What should your three main priorities be as a Scientist? Collaboration, collaboration, collaboration. Quentin Vicens and Phil Bourne have just published Ten Simple Rules for a Successful Collaboration  to help you do just that, as part of a continuing series [2,3,4,5].
Tony Bliar once said “Ask me my three main priorities for government, and I tell you: education, education, education.” In Science, its not so much about education as collaboration, collaboration, collaboration. The advice in Ten Simple Rules is all useful stuff, but what caught my eye is the fact that collaboration is on the rise, at least according to the number of co-authors on papers published in PNAS. The average number of co-authors has risen from 3.9 in 1981 to 8.4 in 2001. So before you publish or perish, it seems likely that you’ll also need to collaborate or commiserate… less laboratory, more collaboratory!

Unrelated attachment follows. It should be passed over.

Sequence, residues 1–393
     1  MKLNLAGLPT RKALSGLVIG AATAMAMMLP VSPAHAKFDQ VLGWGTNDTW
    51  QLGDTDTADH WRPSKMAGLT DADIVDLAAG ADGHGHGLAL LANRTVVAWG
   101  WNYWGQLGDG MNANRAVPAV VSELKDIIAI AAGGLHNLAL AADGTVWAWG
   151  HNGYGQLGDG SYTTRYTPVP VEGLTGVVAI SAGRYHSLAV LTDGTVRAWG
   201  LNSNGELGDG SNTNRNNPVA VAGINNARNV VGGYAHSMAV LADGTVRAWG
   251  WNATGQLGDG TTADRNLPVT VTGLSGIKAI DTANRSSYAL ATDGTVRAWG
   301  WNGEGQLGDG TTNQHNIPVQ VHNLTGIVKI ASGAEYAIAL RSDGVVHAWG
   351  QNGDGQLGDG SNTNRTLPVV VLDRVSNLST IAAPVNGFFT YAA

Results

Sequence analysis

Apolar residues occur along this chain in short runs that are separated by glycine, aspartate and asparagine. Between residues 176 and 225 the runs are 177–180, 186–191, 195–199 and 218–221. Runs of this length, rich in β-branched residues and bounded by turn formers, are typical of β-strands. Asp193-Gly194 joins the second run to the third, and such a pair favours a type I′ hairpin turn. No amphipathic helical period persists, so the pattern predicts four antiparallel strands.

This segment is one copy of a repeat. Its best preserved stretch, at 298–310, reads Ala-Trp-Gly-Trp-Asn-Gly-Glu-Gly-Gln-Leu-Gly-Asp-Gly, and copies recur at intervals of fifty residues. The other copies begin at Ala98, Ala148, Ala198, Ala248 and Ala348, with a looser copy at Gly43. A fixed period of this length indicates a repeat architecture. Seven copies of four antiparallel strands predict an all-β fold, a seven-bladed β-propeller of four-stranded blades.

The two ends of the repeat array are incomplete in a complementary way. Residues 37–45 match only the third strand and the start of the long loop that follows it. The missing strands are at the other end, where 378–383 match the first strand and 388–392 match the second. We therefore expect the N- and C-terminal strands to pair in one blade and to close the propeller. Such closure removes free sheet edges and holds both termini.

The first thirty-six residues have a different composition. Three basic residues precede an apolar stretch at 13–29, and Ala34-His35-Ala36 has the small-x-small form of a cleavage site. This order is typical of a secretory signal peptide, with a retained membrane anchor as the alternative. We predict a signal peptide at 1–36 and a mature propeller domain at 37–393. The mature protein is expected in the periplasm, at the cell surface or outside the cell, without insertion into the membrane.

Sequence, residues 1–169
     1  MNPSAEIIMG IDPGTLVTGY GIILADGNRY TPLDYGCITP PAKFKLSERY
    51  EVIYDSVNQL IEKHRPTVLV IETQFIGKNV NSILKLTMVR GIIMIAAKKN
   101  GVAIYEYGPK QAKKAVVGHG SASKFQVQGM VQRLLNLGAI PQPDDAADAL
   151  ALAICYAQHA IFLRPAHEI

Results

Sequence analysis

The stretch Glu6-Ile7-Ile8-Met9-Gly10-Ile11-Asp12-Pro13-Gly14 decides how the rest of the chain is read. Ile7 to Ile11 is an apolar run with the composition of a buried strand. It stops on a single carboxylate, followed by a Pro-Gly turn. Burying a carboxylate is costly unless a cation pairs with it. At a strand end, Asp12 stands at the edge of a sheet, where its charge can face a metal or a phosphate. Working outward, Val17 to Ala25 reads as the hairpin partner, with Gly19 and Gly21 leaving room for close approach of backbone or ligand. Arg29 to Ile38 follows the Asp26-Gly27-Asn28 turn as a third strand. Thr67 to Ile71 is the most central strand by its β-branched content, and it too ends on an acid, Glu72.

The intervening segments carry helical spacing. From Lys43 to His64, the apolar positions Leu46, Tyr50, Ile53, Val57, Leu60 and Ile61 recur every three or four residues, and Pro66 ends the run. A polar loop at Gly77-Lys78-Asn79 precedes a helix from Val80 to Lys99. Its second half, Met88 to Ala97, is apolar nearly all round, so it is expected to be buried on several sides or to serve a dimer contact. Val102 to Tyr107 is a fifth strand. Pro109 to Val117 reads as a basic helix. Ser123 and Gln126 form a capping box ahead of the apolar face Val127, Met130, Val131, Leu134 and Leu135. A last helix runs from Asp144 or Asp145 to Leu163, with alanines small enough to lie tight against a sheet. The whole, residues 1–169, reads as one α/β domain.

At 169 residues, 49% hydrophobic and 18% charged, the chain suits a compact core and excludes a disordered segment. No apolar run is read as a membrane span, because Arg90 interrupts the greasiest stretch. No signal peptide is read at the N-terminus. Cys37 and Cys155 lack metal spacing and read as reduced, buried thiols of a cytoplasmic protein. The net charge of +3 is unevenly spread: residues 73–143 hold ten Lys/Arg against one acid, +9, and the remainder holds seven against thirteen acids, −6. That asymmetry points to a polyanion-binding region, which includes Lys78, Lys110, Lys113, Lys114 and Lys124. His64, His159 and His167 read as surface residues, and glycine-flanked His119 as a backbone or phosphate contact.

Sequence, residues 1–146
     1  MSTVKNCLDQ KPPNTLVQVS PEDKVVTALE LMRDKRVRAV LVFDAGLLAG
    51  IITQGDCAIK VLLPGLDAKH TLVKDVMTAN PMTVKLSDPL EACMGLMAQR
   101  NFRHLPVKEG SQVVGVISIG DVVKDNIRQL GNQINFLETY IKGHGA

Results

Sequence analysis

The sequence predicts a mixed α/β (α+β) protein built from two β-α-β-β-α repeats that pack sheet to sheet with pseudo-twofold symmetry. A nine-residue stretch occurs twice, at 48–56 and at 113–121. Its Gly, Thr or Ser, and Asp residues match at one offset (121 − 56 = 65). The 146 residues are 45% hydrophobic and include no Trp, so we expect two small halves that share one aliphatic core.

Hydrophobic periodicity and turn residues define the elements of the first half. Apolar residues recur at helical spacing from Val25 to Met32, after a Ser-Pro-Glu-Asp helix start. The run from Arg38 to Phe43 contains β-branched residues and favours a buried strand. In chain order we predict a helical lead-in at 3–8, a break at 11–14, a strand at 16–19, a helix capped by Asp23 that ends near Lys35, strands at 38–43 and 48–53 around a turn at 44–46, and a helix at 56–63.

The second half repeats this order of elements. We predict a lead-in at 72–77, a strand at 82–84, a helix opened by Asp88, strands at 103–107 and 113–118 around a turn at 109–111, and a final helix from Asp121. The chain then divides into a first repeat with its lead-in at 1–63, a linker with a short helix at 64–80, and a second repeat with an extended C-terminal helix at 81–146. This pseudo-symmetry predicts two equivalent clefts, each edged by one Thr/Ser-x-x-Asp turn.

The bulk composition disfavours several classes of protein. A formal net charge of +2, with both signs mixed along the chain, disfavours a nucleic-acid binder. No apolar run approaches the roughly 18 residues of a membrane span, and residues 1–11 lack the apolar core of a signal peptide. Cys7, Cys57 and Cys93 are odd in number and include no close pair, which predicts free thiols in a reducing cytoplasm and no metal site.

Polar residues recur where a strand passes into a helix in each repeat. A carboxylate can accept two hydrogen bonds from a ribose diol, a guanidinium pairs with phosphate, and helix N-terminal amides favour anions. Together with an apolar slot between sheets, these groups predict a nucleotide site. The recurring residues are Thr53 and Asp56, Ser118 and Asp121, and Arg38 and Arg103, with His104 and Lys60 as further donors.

Photo credit Garret Keogh
- Quentin Vicens and Phillip Bourne (2007) Ten Simple Rules for a Successful Collaboration PLOS Computational Biology
- Phillip Bourne (2006) Ten Simple Rules for Getting Published PLOS Computational Biology
- Philip Bourne and Iddo Friedberg (2006) Ten Simple Rules for Selecting a Postdoctoral Position PLOS Computational Biology
- Phillip Bourne and Leo Chalupa (2006) Ten Simple Rules for Getting Grants PLOS Computational Biology
- Phillip Bourne and Alon Korngreen (2006) Ten Simple Rules for Reviewers PLOS Computational Biology
- This post originally published on nodalpoint with comments
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